Researchers have discovered that a molecule which can spur the growth of muscle tissue can have the opposite effect in the endothelial cells of patients with diabetes.
The study, which was conducted at the Beth Israel Deaconess Medical Center (BIDMC), demonstrates that caution is needed when developing treatments based on a molecule known as PGC-1 alpha, as it can have different effects in different situations.
Diabetes patients are at increased risk of developing microvascular complications, which occur when the body's small blood vessels become diseased. If wounds fail to heal properly, sufferers are at risk of developing ulcers and chronic infections and, in the most serious cases, may need to undergo limb amputations.
According to the researchers, high levels of blood glucose – which occur in diabetes sufferers – stimulate production of PGC-1 alpha in the endothelial cells which line the blood vessels. This prevents the cells from functioning properly and inhibits blood vessel growth.
More than a decade's worth of studies by the laboratory has revealed the PGC-1 alpha molecule has a number of different functions. When body parts are affected by poor circulation, the molecule senses low levels of oxygen and nutrients in muscle cells and promotes angiogenesis – the growth of new blood vessels.
A series of studies was conducted on cell cultures and mouse models, which found diabetes induces PGC-1 alpha in endothelial cells. This strongly inhibits endothelial migration and angiogenesis, leading to vascular dysfunction.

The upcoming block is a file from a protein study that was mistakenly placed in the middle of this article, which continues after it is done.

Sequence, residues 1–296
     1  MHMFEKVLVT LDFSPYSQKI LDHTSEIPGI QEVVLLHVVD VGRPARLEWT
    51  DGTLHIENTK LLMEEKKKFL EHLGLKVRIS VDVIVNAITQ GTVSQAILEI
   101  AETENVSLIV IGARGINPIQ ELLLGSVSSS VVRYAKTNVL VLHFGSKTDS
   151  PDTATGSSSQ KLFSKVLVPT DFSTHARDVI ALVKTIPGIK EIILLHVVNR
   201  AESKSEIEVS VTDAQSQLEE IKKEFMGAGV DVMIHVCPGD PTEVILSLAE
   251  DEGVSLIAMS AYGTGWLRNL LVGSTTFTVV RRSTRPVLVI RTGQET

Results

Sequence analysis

"These findings were definitely surprising, because the effects of PGC-1 alpha in endothelial cells are the opposite of its effects in muscle cells," explained senior author Zoltan Arany, an investigator at BIDMC's CardioVascular Institute and associate professor of medicine at Harvard Medical School. "In muscle cells, it's pro-metabolic and will call forth more blood vessels which come to the rescue when an injury or artery blockage leaves normal tissue starved for blood."
He said the findings show that a molecule can have dramatically different effects in different situations, so a medication which has positive effects in one cell type could have negative effects in another. Caution is therefore required when developing drugs based upon PGC-1 alpha.